A View from a Boat taken between the Bays of Rossengole and Rossmore

Artist(s) : Arthur Young (Draughtsman)

View of part of north-west Lower Lough Erne, as seen from a boat on the lake, in Rossmore Bay, near Rossergole Point. On the nearest stretch of water are two sailing boats with superstructures and pennants, each occupied by several people. They appear to have banners at either end. Close to a jetty on the left is a rowing boat with several figures. A man fishing with a rod can be seen on the left shore of the lake. Further off, another angler is seated just in front of what appears to be a multi-sided Gothic-style boat-house or belvedere, with ogival windows and a pennant flying from its pointed roof. A promontory with cliffs almost separates this section of the lake from the rest. In the distance beyond the promontory, more sailing boats are visible. On the farthest shore, the faint outline of a castle can be seen. Low mountains and hills form the backdrop. Most of the foreshore is wooded.

Inscribed in Image

  • Caption outside of boundaries of image – A View from a Boat taken between the Bays of Rossengole & Rossmore
  • Instructions to binder – "165" MS annotation on the verso of the plate

Image Details

Genre Landscape
Technique Pencil works
Subject(s) Nature, Transportation
Geographical Location
  • Rossmore Bay - Named locality
  • Lower Lough Erne - Lake
  • Fermanagh - County
  • Ulster - Province
Keywords(s) Bays (Bodies of water), Beaches, Boats, Buildings, Cliffs, Fishing, Flags, Lakes & ponds, Mountains, Passengers, People, Ships, Sports & recreation, Steeples, Trees, Windows
Colour Monochrome
Dimensions 43.5 cm x 34.5 cm
Published / created 1780

Bibliographical Details

Travel Account A Tour in Ireland [Young; copy with unique drawings]
Contributor(s)
Print or manuscript Print
Location of image in copy opp. p. 165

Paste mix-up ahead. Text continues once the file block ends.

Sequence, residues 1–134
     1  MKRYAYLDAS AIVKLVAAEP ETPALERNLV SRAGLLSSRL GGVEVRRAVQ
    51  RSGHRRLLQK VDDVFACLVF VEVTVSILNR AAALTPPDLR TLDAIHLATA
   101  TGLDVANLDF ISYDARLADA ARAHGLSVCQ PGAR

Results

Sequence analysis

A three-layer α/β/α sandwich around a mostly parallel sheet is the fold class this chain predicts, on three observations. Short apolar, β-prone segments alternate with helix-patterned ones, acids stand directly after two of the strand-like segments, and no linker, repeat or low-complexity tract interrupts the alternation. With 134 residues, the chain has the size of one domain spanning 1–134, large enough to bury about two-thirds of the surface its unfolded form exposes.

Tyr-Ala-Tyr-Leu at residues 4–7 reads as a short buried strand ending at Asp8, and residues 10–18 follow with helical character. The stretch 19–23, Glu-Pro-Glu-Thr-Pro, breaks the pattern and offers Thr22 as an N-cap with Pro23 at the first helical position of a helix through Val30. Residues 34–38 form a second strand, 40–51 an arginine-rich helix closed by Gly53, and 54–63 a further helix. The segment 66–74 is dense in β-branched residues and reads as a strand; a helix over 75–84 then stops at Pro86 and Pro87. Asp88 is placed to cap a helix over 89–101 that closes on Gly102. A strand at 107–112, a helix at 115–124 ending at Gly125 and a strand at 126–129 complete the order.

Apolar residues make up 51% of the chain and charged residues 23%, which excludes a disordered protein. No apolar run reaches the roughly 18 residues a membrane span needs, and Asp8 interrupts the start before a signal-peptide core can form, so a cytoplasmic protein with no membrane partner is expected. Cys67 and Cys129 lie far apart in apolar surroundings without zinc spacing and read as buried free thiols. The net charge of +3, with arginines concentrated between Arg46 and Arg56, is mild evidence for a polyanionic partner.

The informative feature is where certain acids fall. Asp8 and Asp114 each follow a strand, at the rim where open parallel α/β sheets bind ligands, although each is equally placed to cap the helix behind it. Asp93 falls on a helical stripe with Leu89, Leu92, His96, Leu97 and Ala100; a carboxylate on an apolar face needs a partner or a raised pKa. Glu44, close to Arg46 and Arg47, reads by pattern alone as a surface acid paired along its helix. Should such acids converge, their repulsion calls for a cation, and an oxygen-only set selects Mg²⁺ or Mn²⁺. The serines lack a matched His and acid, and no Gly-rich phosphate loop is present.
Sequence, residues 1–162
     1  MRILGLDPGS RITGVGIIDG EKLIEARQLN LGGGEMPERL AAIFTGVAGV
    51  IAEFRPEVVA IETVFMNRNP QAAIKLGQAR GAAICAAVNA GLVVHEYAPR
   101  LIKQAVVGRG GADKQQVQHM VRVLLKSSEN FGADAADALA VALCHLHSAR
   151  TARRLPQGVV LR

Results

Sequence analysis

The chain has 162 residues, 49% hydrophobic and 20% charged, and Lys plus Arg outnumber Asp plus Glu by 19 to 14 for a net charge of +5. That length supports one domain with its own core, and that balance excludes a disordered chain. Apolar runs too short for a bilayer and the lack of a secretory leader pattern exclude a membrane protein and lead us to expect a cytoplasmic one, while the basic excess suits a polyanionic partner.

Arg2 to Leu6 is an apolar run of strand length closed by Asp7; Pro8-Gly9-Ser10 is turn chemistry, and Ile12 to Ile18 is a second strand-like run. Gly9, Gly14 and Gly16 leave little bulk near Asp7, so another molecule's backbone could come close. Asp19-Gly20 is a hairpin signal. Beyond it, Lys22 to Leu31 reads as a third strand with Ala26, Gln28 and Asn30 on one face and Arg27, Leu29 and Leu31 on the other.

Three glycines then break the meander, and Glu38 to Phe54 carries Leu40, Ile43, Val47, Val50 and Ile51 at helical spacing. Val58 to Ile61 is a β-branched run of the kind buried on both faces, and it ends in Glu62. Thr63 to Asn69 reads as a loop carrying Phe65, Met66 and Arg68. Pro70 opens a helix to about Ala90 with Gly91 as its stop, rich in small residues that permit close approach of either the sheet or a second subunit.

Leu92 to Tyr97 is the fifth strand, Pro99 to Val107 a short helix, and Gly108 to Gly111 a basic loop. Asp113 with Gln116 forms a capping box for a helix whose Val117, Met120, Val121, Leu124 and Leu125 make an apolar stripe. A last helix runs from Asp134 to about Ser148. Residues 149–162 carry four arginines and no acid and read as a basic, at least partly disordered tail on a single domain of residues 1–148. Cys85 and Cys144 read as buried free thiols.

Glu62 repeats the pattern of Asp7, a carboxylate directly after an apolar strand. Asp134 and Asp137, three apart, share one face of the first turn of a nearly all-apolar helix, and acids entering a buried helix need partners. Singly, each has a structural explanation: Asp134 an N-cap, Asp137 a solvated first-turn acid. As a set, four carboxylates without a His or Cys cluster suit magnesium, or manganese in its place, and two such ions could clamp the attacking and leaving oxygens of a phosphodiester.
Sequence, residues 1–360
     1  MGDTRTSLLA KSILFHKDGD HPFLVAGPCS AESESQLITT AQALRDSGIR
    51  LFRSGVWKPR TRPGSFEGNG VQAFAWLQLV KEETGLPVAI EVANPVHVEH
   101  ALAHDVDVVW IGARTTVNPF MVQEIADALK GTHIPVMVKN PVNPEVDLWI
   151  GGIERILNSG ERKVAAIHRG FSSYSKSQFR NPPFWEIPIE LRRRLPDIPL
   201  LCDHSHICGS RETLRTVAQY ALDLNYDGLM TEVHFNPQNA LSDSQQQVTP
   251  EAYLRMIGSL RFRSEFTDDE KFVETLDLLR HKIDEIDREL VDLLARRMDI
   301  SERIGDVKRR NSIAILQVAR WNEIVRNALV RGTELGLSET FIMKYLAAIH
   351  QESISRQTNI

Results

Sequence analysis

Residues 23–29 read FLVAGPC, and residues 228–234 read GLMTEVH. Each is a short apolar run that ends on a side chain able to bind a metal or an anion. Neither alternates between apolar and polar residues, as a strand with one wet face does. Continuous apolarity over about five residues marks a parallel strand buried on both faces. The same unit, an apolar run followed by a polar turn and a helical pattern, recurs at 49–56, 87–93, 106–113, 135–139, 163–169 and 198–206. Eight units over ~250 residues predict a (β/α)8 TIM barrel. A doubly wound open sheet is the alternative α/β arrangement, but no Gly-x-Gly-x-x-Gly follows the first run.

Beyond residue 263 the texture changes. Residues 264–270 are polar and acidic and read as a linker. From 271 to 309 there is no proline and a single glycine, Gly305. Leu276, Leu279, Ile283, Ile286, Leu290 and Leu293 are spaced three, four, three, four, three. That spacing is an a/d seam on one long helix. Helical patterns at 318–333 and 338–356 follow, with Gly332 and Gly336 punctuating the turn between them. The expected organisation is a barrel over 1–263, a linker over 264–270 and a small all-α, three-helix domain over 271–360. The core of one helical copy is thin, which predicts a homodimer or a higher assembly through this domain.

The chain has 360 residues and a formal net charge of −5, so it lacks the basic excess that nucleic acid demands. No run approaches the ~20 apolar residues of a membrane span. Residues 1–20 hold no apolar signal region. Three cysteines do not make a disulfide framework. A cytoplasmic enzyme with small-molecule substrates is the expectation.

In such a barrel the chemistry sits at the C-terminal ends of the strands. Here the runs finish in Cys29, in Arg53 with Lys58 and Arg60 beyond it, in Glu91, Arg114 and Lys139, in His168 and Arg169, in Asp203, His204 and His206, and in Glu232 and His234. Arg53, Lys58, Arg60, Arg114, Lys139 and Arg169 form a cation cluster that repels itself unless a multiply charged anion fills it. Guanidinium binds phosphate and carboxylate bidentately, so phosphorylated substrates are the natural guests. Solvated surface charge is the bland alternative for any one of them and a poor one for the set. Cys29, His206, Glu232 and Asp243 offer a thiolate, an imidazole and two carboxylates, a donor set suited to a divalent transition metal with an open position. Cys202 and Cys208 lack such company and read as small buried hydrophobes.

Source copy National Library of Ireland LO 10203
Permalink
Rights Courtesy of the National Library of Ireland

Related text from travel account

Nothing can be more beautiful than the approach to Castle Caldwell; the promontories of thick wood, which shoot into Loch Earne, under the shade of a great ridge of mountains, have the finest effect imaginable: as soon as you are through the gates, turn to the left, about 200 yards to the edge of the hill, where the whole domain lies beneath the point of view. It is a promontory, three miles long, projecting into the lake, a beautiful assemblage of wood and lawn, one end a thick shade, the other grass, scattered with trees, and finishing with wood. A bay of the lake breaks into the eastern end, where it is perfectly wooded: there are six or seven islands among them, (that of Bow three miles long, and one and a half broad) yet they leave a noble sweep of water, bounded by the great range of the Turaw mountains. To the right, the lake takes the appearance of a fine river, with two large islands in it, the whole unites to form one of the most glorious scenes I ever beheld. Rode to the little hill above Michael Macguire's cabin; here the two great promontories of wood join in one, but open in the middle, and give a view of the lake, quite surrounded with wood, as if a distinct water; beyond are the islands, scattered over its face, nor can any thing be more picturesque than the bright silver surface of the water breaking through the dark shades of wood. Around the point on which we stood, the ground is rough and rocky, wild, and various, forming no bad contrast to the brilliant scenery in view. Crossing some of this undressed ground, we came to a point of a hill, above Paddy Macguire's cabbin; here the lake presents great sheets of water, breaking beyond the woody promontories and islands, in the most beautiful manner. At the bottom of the declivity, at your feet, is a creek, and beyond it the lands of the domain, scattered with noble woods, that rise immediately from the water's edge; the house, almost obscured among the trees, seems a fit retreat from every care and anxiety of the world: a little beyond it the lawn, which is in front, shews its lively green among the deeper shades, and over the neck of land, which joins it to the promontory of wood, called Ross a Goul, the lake seems to form a beautiful wood-lock'd bason, stretching its silver surface behind the stems of the single trees; beyond the whole, the mountainy rocks of Turaw, give a magnificent finishing. Near you, on every side, is wild tossed-about ground, which adds very much to the variety of the scene. From hence we passed to the hill in the mountain park, from whence the scenery is different; here you see a short promontory of wood, which projects into a bay, formed by two others, considerably more extensive, that is Ross a goul and Rossmoor east. The lake sketching away in vast reaches, and between numerous islands, almost as far as the eye can command. In the great creek, to the right, which flows up under the mountain of Turaw, are two beautiful islands, which, with the promontories, scattered with trees, give it the most agreeable variety. [p. 164]
A View from a Boat taken between the Bays of Rossengole and Rossmore